[aprssig] Where to from here for APRS ?
vk2tv at exemail.com.au
Sun Oct 29 18:37:30 CST 2006
Jim Duncan wrote:
> APRS will die a slow death within 10 year if we don't do something
> about getting away from 1200 baud. Many areas are close to packet
> In the first 10 years, while the network was still being built up, a
> universal frequency was the desired standard and a great idea. Now
> that most major metropolitan areas have major coverage and APRS has
> generally become widely used I believe that it is time to go
> multi-frequency (IF we continue to rely on TWENTY FIVE YEAR OLD
> STANDARDS for speed and bandwidth!).
> It is my opinion that major metropolitan areas should adopt their own
> specific frequency for "in network" use. Each area should also include
> a dual-port digi which receives on 144.39 MHz and repeats inward to
> the local frequency (i.e. 144.35, just an example frequency choice). A
> visiting operator could continue to operate on the national frequency,
> be seen and local operators could interact with the visitor by reverse
> gateway pathing. Further, the universal frequency digi/gate in each
> area should routinely broadcast a blanket bulletin identifying the
> local area and giving the local frequency thereby enabling
> mobile/visiting operators the ability to locate the local frequency.
> Finally, and I've been saying this since 1999, it is well beyond the
> time to start rolling out higher-speed options (9600, 57600, etc.) on
> UHF (higher?) frequencies. This should be the path that local networks
> take when looking at setting up a unique local frequency.
> All I've really seen happening in APRS for the past five years is more
> "bells and whistles" (which are nice, BTW) to existing software and
> network considerations. Is anyone working on developing anything that
> directly addresses the other considerations?
> IMHO, APRS usage has peaked and I suspect that many other like me,
> lost interest in APRS after so many years of "watching the grass
> grow." Now, in my case my choice to step away from anything other than
> occassional mobile use are based on other piratical circumstances but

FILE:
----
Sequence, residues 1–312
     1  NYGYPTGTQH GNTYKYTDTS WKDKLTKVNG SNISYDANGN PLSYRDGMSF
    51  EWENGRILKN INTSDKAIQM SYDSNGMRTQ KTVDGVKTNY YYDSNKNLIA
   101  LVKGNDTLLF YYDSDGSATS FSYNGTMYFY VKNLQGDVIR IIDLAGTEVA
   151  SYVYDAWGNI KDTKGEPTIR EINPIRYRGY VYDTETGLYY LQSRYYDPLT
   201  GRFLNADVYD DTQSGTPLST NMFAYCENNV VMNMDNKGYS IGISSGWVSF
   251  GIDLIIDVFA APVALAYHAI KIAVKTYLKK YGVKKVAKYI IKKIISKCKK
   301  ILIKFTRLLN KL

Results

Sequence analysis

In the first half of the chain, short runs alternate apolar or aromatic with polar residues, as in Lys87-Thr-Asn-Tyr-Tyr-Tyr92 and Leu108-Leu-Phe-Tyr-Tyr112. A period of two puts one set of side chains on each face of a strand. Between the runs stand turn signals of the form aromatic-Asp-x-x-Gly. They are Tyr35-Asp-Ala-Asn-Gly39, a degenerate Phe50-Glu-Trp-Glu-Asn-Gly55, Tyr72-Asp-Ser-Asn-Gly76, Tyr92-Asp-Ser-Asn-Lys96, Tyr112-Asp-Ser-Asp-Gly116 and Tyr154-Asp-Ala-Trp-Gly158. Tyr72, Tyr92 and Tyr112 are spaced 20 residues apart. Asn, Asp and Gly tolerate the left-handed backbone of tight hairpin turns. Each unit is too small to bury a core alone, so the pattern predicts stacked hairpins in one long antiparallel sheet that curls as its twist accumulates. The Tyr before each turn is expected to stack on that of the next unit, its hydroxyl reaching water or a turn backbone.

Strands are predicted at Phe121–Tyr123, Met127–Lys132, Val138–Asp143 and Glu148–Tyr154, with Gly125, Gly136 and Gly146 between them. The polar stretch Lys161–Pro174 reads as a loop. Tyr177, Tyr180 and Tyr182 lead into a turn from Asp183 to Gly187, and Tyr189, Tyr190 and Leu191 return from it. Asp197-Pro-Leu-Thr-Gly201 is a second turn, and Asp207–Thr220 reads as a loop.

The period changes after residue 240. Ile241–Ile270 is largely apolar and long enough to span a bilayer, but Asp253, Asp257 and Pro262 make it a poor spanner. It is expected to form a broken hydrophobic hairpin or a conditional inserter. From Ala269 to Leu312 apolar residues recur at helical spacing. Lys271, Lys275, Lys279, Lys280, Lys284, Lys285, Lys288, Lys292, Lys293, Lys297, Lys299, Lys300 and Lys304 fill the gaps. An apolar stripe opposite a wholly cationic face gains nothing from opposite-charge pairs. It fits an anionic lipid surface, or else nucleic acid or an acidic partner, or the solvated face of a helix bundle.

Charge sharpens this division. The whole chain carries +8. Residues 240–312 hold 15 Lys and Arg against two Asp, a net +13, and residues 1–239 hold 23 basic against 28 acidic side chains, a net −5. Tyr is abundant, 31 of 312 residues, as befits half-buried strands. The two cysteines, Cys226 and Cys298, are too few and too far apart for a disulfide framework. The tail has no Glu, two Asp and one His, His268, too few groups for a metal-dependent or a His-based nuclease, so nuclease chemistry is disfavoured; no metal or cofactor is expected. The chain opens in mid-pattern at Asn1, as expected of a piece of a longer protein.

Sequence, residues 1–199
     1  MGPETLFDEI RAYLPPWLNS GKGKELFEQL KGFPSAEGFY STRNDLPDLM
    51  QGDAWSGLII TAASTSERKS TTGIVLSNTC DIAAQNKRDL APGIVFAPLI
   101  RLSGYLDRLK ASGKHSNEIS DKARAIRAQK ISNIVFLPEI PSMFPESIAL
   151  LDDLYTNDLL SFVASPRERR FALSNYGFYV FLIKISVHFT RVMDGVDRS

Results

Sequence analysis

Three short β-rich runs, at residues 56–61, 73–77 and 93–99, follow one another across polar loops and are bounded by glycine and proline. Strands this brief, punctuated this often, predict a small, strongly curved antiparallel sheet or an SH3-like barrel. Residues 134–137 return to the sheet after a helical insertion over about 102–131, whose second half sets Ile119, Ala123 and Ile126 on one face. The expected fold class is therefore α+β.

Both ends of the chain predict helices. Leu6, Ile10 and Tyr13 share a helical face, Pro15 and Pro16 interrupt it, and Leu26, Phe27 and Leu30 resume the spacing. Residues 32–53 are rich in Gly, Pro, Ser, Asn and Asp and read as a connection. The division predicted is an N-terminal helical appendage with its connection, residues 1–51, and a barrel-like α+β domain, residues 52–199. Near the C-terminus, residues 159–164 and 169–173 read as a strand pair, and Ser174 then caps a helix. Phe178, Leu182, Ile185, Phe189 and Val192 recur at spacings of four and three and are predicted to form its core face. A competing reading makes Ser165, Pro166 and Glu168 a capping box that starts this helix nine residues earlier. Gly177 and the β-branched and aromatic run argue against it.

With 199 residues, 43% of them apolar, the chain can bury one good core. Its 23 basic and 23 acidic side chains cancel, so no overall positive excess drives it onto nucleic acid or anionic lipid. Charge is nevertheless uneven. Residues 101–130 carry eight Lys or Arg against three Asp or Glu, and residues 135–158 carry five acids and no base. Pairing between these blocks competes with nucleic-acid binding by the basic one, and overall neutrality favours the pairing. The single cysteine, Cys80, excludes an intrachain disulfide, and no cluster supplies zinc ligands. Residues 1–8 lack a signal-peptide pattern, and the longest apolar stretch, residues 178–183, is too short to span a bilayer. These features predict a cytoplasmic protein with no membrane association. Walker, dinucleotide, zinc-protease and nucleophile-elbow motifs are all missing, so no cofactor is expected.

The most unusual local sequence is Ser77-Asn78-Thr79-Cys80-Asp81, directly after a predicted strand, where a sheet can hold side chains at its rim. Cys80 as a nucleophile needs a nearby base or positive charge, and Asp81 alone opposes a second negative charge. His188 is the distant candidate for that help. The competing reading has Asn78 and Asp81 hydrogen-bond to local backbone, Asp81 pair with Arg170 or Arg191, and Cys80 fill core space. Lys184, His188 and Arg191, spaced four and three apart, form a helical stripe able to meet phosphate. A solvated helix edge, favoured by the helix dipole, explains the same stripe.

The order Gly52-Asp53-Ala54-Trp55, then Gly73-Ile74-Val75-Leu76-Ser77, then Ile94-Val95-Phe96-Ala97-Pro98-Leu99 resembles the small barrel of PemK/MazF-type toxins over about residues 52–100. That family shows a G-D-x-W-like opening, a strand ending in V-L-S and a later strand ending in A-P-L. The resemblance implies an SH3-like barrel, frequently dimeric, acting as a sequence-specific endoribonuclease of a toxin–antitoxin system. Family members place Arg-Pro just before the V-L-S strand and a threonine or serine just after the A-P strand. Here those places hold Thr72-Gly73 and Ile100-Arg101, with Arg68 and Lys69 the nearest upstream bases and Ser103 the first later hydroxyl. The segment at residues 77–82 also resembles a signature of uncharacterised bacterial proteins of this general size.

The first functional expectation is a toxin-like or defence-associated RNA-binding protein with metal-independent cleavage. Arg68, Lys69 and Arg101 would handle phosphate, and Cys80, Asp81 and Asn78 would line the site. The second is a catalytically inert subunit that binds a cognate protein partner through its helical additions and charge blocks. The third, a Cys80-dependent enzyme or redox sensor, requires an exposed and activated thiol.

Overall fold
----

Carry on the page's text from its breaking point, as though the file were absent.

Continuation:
> the fact remains that there is only so long that a person will use a
> piece of software until the novelty wears off.
> Personally speaking, I have used APRS as a means (in the past) of
> keeping band parents advised of my band's location on band trips,
> tracking school busses, and using it for trip driving by my bus
> drivers as well as myself.
> The fact remains that the GPS manufaturers long ago left us in the
> stone age with talking devices, on-screen mapping, etc. Why bother
> with APRS if you can invest $600-$800 in Tom-Tom (and similar) that
> doesn't require a) a $1000 laptop, $200-$600 in ham radio equipment,
> another $100 for a GPS, special mounts for laptops, etc., etc., etc.
> I rarely use APRS now even mobile. I can use my existing truck mounted
> GPS tied into other software which retrieves real-time weather radar
> and puts me right onto the map. High speed wireless internet is still
> a bit pricey for my taste but I could really care less where anyone
> else is when I'm out storm chasing (except my usual chase partner, of
> course, which is probably the only reason I still run an instance of
> APRS on the laptop).
> When I got into APRS way back in January, 1993, I was pretty much
> burned out on ham radio and APRS gave me a new focus and direction
> which reinvigorated my interest in amateur radio. It was a great
> 10-year run and I enjoyed getting to know others APRS people all over
> the country but it just became less and less important to me in the
> grand scheme of things (probably the result of marriage, a new home,
> returning to my lifelong hobby of model railroading, and the rigors of
> two graduate degree programs).
> I would probably enjoy getting active in APRS again if there were new
> frontiers to tackle but it seems that we are just staying in the same
> place. New gadgets are nice but, as we all know, all gadgets are
> novelties, too and like a kid at Christmas the new toys eventually get
> set aside as the newness wear off.
> I hope to see major developments in the coming years but the history
> of amateur radio is that we tend to get stuck in ruts and change
> doesn't come about quickly or easily. I hope that history isn't
> repeating itself with APRS.
> Jim Duncan, KU0G
> Andrew Rich wrote:
>> What do you think the future will hold for aprs ?
>> 1) Touch screen tablets with moving maps, GPS and radio built in ?
>> ideas ?
>> Andrew Rich
>> Amateur radio callsign VK4TEC
>> email: vk4tec at tech-software.net <mailto:vk4tec at tech-software.net>
>> web: http://www.tech-software.net
>> Brisbane AUSTRALIA
>> aprssig mailing list
>> aprssig at lists.tapr.org
I disagree that APRS will die.
Rather, I'm suggesting that just like packet in the 1980's to the early
1990's, APRS will increase in popularity, then decline, and eventually
find it's own level of users. Right now we're seeing an upsurge due to
the novelty factor, but it's only a matter of time and users will be
saying, "been there, done that" and move onto the latest technology,
whatever that might be, leaving the diehards behind on quiet channels.
If packet is anything to go by, users complained about channel
congestion but few (relatively speaking) opted to move up to higher
speeds to improve the situation.
1200bps may well be 20+ years old but it will probably be around in
another 20 years because amateurs either can't or won't modify equipment
to make it work at higher speeds, or can't or won't expend money on
higher speed equipment when their 1200bps gear works "just fine".
Just the thoughts of someone who's been in packet since almost day one.
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